Fire Weather in the West; Lake Effect in the East as High Pressure Dominates

Good morning!

The surface system beneath an upper level low that brought significant weather from coast to coast will clear New England today, and high pressure will dominate much of the CONUS, meaning a relatively light weather blog today.

It always seems that big weather systems are followed starkly by calm conditions, and there is meteorological basis for that. When longwaves the size of continents swing coast to coast, they foster environments favorable for big low level cyclones to bring wind, precipitation, thunderstorms, etc. to their east, where heights spread apart dramatically and promote lift.

To the west, though, convergence often dominates as the height gradient increases with eastward extent towards the ‘pinch’ of a trough. This forces air to sink, and high pressure at the surface generally promotes offshore flow, weak pressure gradients, and clear weather.


I painted regions of convergence (pink) and divergence (black) with a pretty broad pen, so this is hardly an intricate analysis. But what’s apparent is that, for effectively the entire CONUS save northern New England, where a major winter storm is wrapping up, convergence dominates. Another small exception is a shortwave slinking down the longwave’s western edge into the corn belt, which lacks both moisture access and surface baroclinicity to become much more than incentive for a few snow showers.

Also notice that I did not annotate the closed low itself. This is because a series of small shortwaves rotating around its axis will produce small-scale height rises and falls today.

The point of all of this is to say that, atmospherically, ‘uneventful’ is a pretty fitting descriptor of the forecast for the next couple days. But there are a few spots in the country that have topography capable of working sensible weather wonders with minimal atmospheric inputs.

The first place we’ll be looking is the region just downwind of the Great Lakes towards the east.

Remember, precipitation requires two things:

  1. Moisture
  2. Lift

For snow, an option #3 is cold air.

The Lakes serve as a moisture source in the middle of the continent, meaning fairly atypical flow regimes can produce precipitation downwind. This affect is accentuated by the shape of the lakes, especially Erie and Ontario, which promotes especially long fetches of moisture with northwesterly winds, which are typically associated with cold, dry air elsewhere. Air that moves over these large bodies of water picks up plentiful moisture, which then eagerly condenses into precipitation when the parcels encounter frictional convergence and colder temperatures over adjacent land.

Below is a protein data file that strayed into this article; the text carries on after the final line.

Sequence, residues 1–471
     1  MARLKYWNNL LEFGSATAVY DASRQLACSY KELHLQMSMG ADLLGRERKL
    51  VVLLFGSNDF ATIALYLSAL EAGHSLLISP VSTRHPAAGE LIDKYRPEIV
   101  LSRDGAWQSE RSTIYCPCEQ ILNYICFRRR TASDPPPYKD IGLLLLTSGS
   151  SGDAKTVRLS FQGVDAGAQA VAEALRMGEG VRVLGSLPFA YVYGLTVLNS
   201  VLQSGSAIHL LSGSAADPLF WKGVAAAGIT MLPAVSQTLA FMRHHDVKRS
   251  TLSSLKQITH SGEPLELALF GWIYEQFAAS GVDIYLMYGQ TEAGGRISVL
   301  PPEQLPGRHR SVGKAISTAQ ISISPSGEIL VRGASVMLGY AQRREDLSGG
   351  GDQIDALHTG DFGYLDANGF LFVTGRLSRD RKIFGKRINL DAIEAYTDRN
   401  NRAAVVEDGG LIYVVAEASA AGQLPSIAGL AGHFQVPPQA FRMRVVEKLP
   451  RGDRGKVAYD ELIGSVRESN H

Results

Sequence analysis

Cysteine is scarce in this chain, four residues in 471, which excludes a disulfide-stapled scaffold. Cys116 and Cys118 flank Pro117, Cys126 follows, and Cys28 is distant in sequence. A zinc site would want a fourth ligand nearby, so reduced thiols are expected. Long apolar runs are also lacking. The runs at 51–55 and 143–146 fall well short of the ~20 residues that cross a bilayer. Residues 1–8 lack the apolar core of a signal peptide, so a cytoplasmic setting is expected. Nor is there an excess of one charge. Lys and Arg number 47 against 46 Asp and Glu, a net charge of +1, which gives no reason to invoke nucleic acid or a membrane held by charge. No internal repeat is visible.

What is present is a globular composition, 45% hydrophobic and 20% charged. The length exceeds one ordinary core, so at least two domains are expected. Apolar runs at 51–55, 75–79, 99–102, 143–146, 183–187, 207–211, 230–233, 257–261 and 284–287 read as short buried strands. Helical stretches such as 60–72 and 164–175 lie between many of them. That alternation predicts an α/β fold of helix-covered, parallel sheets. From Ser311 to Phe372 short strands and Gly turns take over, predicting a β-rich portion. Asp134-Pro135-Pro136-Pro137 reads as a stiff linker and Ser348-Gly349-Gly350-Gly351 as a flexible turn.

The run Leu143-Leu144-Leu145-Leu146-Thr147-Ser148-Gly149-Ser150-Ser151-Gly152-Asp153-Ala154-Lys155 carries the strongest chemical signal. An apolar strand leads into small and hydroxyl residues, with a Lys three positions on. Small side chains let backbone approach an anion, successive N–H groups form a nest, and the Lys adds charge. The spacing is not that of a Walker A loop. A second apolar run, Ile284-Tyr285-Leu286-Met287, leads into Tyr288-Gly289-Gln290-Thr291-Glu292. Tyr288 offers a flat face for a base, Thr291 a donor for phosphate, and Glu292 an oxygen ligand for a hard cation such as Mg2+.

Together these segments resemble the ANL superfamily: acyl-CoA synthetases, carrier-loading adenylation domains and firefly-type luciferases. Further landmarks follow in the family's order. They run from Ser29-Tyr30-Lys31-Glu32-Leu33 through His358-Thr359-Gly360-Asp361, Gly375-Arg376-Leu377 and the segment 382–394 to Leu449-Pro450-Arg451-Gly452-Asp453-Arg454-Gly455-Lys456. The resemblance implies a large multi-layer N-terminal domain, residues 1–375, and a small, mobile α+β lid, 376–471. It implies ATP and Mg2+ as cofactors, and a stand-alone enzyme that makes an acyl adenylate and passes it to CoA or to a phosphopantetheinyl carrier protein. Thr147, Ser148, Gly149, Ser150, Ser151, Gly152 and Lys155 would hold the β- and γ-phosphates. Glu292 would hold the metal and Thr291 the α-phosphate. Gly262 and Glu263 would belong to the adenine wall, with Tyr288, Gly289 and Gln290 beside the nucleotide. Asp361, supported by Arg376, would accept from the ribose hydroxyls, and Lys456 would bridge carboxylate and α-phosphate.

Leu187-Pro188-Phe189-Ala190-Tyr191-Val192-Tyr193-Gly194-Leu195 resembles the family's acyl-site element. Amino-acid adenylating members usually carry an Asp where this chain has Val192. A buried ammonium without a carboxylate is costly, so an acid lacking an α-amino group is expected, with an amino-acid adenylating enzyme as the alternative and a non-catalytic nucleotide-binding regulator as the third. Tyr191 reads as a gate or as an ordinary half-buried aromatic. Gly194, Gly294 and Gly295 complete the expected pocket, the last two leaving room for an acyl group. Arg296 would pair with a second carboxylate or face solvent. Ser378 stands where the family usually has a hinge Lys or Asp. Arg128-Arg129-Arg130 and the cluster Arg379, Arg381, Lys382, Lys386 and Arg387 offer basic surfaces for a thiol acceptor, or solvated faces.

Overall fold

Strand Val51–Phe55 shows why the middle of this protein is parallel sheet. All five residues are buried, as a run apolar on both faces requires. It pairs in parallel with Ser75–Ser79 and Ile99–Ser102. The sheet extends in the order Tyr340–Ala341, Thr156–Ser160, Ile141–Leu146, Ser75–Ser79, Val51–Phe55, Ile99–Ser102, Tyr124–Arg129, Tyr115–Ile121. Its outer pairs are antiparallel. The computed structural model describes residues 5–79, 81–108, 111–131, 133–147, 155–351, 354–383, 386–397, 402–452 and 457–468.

This combination of physical attributes of the Great Lakes region allows a simple atmospheric input, well-angled northwesterly flow with some degree of synoptic-scale lift, to produce heavy precipitation. When it’s cold enough, which is common in NW flow events in winter, this falls as heavy snow. The snow continues as long as NW-ly winds persist, which won’t be for that long tonight but is sometimes on the order of days. And, where topography is really favorable, like over the Tug Hill Plateau, orographic lifting boosts the amount of moisture that can be sucked out of the air into precipitation. This is where we can expect maximized snow from this storm tonight, likely approaching a foot.


The other topographical machine that will be cranking out sensible weather despite lackluster atmospheric input? The SoCal fire weather conveyer belt.

A fairly unusual lack of rain to date in parts of Southern California means fuels are still primed for wildfire growth, given the right atmospheric conditions. When it comes to wildfire, these conditions are:

  1. Strong wind
  2. Dry air

The stronger the winds and the drier the air, the worse the wildfire threat.

As we’ve discussed many times in this blog (what a wildfire season it’s been!), an input of a strong Rocky Mountain high is all that it takes for the mountains of Southern California to produce both #1 and #2.

#1 comes as the high peaks that line the spine of California refuse to permit much of the low level high pressure from spilling all the way to the coast. This allows an impressive pressure gradient to pile along the mountains, driving a stiff offshore wind. The strength and position of the surface high are the biggest determinants of how formidable this PG can get. Over the next couple days, the position and strength favor strong winds over SoCal and even more impressive winds over NorCal. Because the fire weather season is over for NorCal, though, this will simply be a high wind event there.


But in SoCal, these strong winds moving offshore will interact with the mountains to allow #2 to develop.

As wind moves downslope, it expands, forcing it to warm adiabatically. Because the moisture content remains unchanged, this significantly reduces relative humidity, and allows for incredibly dry air to remain entrenched in SoCal.


With a lot of help from topography, then, #1 and #2 are satisfied. Given sufficiently dry fuels, which are still sadly present, and ignition sources, which are often inevitable, wildfire growth and spread will be quite possible.